Declined Applications

There are a number of reasons why your mortgage application could be declined or refused. The most common reason is poor credit history. If you have had problems repaying debt in the past, for example on a credit card, personal loan, or even your utility bills, you may find that mortgage lenders refuse to accept your application. This is mainly because they consider you more likely to miss a repayment or be unable to repay on time. Similarly, if you have had a County Court Judgement (CCJ) issued against you, been registered bankrupt, or entered into an Individual Voluntary Arrangement (IVA) you may find obtaining a mortgage particularly difficult; if you have very poor credit history, a poor credit mortgage could be your only option at present.

You mortgage lender will also assess your application based on the value of the property you wish to buy versus the amount you wish to borrow. If you need to borrow more than seventy-five percent of the property's selling price, your lender may offer you a deal with a higher interest rate to cover the increased risk of you missing payments. Alternatively, you may be required to assign a guarantor for the amount you borrow above this percentage.

If you have been declined for a mortgage by one lender, it does not necessarily mean that the next will also refuse your application. Ensure you compare mortgage deals from a number of lenders and use a specialist broker if you are unsure which type of mortgage would best suit your needs.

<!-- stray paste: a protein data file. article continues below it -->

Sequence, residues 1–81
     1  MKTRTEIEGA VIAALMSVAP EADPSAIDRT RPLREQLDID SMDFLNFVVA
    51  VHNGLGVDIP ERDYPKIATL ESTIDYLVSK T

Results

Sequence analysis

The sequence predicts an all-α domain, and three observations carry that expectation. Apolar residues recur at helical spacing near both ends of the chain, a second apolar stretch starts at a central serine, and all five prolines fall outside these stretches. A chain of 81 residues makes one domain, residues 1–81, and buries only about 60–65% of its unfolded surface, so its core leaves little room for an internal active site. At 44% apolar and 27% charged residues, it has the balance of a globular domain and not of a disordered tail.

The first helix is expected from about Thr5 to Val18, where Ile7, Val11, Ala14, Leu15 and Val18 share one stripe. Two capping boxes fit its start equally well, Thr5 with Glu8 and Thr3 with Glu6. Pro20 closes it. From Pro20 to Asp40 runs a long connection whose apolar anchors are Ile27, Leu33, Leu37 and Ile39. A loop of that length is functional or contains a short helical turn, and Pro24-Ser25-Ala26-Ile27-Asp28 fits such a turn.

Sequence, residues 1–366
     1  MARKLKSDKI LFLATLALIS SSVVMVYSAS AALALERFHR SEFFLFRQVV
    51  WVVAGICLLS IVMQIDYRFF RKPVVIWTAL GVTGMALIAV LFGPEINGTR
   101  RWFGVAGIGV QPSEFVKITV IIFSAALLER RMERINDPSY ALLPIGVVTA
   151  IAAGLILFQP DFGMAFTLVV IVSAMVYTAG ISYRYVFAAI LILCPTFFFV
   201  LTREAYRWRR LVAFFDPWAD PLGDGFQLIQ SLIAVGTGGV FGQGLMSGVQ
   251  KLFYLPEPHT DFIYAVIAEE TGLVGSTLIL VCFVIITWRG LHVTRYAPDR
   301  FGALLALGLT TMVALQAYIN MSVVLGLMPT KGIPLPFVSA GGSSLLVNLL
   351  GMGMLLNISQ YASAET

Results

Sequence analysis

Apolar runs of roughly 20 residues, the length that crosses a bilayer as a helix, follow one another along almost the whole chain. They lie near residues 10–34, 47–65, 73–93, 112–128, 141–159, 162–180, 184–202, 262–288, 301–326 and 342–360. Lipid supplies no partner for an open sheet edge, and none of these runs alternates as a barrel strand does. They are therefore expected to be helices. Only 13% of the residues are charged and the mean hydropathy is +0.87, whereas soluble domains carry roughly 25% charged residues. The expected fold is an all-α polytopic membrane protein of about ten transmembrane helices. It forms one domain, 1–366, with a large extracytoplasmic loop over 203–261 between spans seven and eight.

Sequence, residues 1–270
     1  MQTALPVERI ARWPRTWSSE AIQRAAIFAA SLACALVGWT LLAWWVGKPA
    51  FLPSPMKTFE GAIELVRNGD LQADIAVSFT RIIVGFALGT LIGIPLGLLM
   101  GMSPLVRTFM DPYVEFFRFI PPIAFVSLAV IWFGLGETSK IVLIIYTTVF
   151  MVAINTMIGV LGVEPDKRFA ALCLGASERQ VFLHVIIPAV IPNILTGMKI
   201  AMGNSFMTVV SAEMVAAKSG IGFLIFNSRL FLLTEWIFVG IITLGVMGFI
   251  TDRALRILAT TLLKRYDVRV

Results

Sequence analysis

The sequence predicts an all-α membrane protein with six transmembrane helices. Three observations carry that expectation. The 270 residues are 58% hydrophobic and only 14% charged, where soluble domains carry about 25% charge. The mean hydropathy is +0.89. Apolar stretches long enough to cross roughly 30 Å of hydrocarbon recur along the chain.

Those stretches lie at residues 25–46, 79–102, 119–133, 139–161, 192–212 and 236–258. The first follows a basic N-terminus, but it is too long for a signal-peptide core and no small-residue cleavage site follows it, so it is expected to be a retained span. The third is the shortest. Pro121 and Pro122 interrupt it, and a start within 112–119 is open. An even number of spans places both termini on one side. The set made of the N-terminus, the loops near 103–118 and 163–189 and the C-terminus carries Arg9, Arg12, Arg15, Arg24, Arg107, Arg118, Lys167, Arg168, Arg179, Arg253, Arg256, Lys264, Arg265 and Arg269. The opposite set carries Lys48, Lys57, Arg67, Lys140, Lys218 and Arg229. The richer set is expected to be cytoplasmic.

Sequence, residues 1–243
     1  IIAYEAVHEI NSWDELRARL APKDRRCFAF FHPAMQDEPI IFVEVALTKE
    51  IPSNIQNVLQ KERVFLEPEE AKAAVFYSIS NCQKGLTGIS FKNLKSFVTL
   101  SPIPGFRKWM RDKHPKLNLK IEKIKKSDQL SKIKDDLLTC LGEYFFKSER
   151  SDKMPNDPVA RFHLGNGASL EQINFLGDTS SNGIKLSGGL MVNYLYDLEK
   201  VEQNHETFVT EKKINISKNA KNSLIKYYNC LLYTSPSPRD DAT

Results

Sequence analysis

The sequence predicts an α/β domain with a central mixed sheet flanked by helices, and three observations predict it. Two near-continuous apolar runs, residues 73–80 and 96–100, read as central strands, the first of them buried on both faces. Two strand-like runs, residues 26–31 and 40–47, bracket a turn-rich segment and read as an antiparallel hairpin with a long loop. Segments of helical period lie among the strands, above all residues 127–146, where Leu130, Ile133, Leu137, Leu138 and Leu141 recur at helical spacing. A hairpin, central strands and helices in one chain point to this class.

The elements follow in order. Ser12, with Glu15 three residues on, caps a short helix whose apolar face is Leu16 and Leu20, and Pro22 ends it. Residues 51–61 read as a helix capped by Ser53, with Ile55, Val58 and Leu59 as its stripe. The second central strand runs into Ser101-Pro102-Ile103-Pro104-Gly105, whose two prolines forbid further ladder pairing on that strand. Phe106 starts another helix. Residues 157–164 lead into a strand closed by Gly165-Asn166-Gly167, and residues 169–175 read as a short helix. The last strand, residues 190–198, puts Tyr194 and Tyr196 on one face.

Economic Effects on Mortgages

Economic conditions affect the availability of mortgages. If the state of the economy is generally good, mortgage lenders are able to borrow more, which means they can take greater risk when lending you money. They can offer better deals and a greater variety of mortgages; essentially, it is easier to find, and be accepted for, a mortgage that suits your needs. In contrast, if the economy is in recession, mortgage providers are unable to borrow a lot of money from other banks, which means that they are unable to take risks when lending; essentially, they can only offer a limited range of mortgages and accept applications from customers who present minimal risk: those who always pay their payments on time and in full. The UK is currently in the throws of a 'credit crunch'. This is an economic situation whereby banks will not, or cannot, lend, and investors will not, or cannot, buy debts. Essentially, the current state of the UK economy is forcing mortgage lenders to adjust the deals they offer, and only accept applications from people with good credit ratings. For more information see Mortgage Crisis in the UK.